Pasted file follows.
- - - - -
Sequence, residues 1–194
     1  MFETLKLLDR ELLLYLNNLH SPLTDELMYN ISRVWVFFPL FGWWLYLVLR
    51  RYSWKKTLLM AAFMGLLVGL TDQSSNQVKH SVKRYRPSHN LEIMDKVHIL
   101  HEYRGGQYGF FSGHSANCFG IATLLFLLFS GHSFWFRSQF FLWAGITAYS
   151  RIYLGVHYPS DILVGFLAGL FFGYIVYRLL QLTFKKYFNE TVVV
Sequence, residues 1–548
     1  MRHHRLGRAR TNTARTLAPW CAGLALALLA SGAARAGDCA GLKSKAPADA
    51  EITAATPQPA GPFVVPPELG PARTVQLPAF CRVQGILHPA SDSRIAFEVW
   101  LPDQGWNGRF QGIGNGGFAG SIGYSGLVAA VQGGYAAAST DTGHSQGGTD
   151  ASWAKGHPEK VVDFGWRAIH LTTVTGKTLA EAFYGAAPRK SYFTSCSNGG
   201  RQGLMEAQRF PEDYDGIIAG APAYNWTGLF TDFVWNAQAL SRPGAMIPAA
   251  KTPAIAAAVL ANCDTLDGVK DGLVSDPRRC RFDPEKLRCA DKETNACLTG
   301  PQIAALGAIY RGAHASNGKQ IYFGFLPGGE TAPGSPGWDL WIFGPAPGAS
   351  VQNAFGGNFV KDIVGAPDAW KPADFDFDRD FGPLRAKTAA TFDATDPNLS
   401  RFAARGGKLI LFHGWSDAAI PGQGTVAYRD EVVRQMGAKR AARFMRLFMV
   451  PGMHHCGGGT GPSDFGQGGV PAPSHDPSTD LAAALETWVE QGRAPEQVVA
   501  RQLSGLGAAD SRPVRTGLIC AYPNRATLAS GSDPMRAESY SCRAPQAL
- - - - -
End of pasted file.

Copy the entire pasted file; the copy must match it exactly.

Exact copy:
Sequence, residues 1–194
     1  MFETLKLLDR ELLLYLNNLH SPLTDELMYN ISRVWVFFPL FGWWLYLVLR
    51  RYSWKKTLLM AAFMGLLVGL TDQSSNQVKH SVKRYRPSHN LEIMDKVHIL
   101  HEYRGGQYGF FSGHSANCFG IATLLFLLFS GHSFWFRSQF FLWAGITAYS
   151  RIYLGVHYPS DILVGFLAGL FFGYIVYRLL QLTFKKYFNE TVVV
Sequence, residues 1–548
     1  MRHHRLGRAR TNTARTLAPW CAGLALALLA SGAARAGDCA GLKSKAPADA
    51  EITAATPQPA GPFVVPPELG PARTVQLPAF CRVQGILHPA SDSRIAFEVW
   101  LPDQGWNGRF QGIGNGGFAG SIGYSGLVAA VQGGYAAAST DTGHSQGGTD
   151  ASWAKGHPEK VVDFGWRAIH LTTVTGKTLA EAFYGAAPRK SYFTSCSNGG
   201  RQGLMEAQRF PEDYDGIIAG APAYNWTGLF TDFVWNAQAL SRPGAMIPAA
   251  KTPAIAAAVL ANCDTLDGVK DGLVSDPRRC RFDPEKLRCA DKETNACLTG
   301  PQIAALGAIY RGAHASNGKQ IYFGFLPGGE TAPGSPGWDL WIFGPAPGAS
   351  VQNAFGGNFV KDIVGAPDAW KPADFDFDRD FGPLRAKTAA TFDATDPNLS
   401  RFAARGGKLI LFHGWSDAAI PGQGTVAYRD EVVRQMGAKR AARFMRLFMV
   451  PGMHHCGGGT GPSDFGQGGV PAPSHDPSTD LAAALETWVE QGRAPEQVVA
   501  RQLSGLGAAD SRPVRTGLIC AYPNRATLAS GSDPMRAESY SCRAPQAL